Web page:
Tongue in Cheek with Automation and Jobs

In her New Yorker article, “Are Robots Coming for Your Job,” author Jill Lepore takes on the subject of work-force automation with tongue firmly planted in cheek.

To bolster her case, she quotes Martin Ford, who wrote the 2015 book, “Rise of the Robots: Technology and the Threat of a Jobless Future and lectured on “Confronting Dystopia: The New Technological Revolution and the Future of Word,” Oddly enough, the two quotes contradict one another. Neither Ms. Lepore nor Mr. Ford seem to recognize this.

Conflicting Quotes on Automation

In the first quote, Ms. Lepore opines:

“…history shows that the economy has consistently adjusted to advancing technology by creating new employment opportunities and that these new jobs often require more skills and pay higher wages.”

Okay, sounds good. Let the machines do the dirty work while we move onward and upward to more interesting jobs with better paychecks.  Who has an application to Starfleet Academy?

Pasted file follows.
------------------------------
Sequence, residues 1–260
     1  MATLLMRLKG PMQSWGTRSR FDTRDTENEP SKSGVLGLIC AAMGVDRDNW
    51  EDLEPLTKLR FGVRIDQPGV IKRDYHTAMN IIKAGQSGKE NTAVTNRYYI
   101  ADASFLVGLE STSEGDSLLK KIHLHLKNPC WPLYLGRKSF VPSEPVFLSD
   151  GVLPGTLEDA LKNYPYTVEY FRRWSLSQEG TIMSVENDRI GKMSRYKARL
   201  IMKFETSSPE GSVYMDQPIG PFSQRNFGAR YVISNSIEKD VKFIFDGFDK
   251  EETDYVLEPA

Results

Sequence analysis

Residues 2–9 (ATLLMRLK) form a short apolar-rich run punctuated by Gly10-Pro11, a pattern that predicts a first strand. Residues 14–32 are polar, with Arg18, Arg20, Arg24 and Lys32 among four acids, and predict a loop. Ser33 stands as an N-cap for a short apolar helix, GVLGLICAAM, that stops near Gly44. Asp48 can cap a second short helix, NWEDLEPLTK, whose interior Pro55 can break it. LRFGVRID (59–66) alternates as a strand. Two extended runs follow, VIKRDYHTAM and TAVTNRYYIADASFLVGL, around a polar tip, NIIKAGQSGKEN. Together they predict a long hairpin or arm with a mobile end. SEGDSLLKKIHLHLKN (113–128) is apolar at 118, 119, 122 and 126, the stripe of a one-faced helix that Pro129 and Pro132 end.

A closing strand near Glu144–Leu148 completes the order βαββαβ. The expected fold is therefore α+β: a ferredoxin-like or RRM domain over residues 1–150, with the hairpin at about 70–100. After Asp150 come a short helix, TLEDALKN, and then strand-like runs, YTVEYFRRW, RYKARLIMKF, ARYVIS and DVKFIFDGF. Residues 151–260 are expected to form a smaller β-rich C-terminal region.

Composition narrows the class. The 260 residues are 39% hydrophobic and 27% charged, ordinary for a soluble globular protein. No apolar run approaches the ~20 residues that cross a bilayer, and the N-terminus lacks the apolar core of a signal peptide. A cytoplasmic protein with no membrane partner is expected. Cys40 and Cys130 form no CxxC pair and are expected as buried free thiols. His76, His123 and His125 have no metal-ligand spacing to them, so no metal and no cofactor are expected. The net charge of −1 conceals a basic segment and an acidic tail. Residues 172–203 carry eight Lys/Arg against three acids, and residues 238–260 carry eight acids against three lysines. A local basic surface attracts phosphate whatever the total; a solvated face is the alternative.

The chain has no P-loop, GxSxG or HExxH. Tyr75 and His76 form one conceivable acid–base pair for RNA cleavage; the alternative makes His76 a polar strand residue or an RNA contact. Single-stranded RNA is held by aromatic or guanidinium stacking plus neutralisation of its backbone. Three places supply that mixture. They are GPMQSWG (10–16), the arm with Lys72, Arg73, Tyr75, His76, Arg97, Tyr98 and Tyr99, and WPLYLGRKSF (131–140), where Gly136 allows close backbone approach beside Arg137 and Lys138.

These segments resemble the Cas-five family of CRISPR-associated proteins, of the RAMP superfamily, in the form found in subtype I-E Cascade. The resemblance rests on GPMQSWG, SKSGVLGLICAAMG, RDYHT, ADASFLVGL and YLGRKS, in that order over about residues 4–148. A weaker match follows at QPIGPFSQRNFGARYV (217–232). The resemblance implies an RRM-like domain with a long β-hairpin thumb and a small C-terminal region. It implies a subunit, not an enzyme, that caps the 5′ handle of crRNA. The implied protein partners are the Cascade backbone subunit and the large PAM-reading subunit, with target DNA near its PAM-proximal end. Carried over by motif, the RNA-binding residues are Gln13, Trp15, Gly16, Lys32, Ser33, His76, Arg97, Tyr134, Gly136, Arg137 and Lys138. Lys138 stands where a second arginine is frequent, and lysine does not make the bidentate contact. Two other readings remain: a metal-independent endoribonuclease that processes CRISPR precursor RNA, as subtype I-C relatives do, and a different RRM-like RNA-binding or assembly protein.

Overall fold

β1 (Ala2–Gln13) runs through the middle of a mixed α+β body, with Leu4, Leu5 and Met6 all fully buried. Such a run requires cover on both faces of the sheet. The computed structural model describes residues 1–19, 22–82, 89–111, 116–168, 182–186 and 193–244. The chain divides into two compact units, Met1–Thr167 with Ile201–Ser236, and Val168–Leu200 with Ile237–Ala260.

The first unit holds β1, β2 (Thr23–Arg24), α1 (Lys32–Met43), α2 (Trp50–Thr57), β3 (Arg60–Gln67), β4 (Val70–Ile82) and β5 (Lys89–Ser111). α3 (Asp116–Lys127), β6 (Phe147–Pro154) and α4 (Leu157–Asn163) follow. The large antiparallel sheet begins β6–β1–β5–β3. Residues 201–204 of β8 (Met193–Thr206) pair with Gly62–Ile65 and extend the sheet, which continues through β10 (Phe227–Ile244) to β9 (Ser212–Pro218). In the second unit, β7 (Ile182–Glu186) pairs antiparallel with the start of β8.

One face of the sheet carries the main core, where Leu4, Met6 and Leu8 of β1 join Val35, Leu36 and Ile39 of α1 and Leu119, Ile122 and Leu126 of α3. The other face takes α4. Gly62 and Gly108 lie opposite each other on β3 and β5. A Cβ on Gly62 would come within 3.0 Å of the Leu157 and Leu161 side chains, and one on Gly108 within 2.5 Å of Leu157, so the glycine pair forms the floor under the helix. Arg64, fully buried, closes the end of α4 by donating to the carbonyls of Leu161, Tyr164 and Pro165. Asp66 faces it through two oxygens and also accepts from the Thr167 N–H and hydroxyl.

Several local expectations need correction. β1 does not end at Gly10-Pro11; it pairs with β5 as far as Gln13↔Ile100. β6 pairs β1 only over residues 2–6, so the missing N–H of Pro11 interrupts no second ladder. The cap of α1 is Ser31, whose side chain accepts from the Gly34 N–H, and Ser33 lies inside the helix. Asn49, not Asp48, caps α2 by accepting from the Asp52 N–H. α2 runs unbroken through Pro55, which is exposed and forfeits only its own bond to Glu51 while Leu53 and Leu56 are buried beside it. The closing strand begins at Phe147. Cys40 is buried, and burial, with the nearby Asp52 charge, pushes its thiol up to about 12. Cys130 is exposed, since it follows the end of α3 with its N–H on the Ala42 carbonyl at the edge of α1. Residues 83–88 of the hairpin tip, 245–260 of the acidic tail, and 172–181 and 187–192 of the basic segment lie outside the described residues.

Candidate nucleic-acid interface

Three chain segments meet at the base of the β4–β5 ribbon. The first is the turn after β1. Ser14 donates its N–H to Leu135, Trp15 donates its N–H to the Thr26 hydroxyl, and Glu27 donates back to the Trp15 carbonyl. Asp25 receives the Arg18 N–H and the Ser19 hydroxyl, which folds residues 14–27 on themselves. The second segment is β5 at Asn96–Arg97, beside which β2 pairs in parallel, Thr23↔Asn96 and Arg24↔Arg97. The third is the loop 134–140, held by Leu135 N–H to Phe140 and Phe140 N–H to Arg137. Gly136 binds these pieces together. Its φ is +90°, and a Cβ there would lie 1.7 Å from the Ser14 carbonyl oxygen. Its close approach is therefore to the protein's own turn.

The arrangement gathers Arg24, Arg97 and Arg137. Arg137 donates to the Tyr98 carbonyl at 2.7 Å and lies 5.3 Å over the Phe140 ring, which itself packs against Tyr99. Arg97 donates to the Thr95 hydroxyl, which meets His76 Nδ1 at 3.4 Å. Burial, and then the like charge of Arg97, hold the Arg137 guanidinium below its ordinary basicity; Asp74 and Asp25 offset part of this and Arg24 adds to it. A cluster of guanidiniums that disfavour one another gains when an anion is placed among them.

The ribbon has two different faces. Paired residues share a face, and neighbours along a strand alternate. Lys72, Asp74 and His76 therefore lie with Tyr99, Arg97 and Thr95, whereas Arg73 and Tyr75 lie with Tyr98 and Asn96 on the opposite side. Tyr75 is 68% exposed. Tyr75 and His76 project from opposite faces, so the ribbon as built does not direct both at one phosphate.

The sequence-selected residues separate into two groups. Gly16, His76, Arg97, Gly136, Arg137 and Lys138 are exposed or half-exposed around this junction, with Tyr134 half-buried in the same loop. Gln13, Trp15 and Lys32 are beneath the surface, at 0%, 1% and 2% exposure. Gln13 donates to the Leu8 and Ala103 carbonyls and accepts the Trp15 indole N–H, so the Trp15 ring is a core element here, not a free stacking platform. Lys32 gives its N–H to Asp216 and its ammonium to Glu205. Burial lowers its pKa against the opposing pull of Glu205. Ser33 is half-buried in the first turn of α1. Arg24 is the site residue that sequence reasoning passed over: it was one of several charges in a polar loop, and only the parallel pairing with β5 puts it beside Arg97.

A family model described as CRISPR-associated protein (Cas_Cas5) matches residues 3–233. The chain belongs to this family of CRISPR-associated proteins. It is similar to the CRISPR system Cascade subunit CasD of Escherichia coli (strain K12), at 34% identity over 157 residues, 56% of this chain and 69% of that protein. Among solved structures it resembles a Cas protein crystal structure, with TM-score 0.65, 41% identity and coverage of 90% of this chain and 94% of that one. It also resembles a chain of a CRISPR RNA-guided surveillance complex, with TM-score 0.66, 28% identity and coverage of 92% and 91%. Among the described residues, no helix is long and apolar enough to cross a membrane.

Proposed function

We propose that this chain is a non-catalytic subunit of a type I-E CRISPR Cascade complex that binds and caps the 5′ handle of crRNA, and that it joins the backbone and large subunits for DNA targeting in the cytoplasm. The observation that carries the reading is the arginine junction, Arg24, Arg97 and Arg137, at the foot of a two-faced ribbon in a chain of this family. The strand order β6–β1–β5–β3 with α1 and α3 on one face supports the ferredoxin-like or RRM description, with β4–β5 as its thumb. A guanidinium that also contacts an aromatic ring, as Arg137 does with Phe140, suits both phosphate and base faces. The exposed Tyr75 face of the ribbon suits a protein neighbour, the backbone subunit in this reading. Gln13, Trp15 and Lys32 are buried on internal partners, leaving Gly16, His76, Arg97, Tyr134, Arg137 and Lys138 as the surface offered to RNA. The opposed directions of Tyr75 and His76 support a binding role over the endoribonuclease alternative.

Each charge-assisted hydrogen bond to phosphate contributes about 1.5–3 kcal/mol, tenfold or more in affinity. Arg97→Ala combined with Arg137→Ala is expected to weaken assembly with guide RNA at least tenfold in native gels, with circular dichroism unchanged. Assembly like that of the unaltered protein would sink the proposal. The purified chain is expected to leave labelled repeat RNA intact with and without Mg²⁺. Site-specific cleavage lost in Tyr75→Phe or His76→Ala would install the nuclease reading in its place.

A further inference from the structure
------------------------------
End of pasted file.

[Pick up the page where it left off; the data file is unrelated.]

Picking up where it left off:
Then we get to the second quote, this one from Ms. Lepore:

‘In the twentieth century, automation of industrial production led to warnings about ‘unprecedented economic and social disorder.’ Instead, displaced factory workers moved into service jobs. Machines eliminate jobs; rising productivity creates new jobs.

man with bag on head, underemployment, automation, robots, unemploymentUmm, Okay. But here’s the rub. Service jobs may require new skills, not more skills, but they very rarely pay higher wages. The hairdressers, yoga instructors, real estate agents, nail technicians, and personal fitness trainers will attest that they don’t bring home the big bucks.

You also won’t find accountants, insurance agents, consultants, and legal aids rushing out to get their real estate licenses or cosmetology degrees. They would be taking a big step down—and they know it. Sure, you used to be a software developer and now you work at Walmart. Congratulations!

So, who’s kidding whom?

Resisting Scientific Change

We will always have people who react to change by clinging to the past and refusing to consider who things might be different. We saw this on Season 3 of the PBS show Victoria.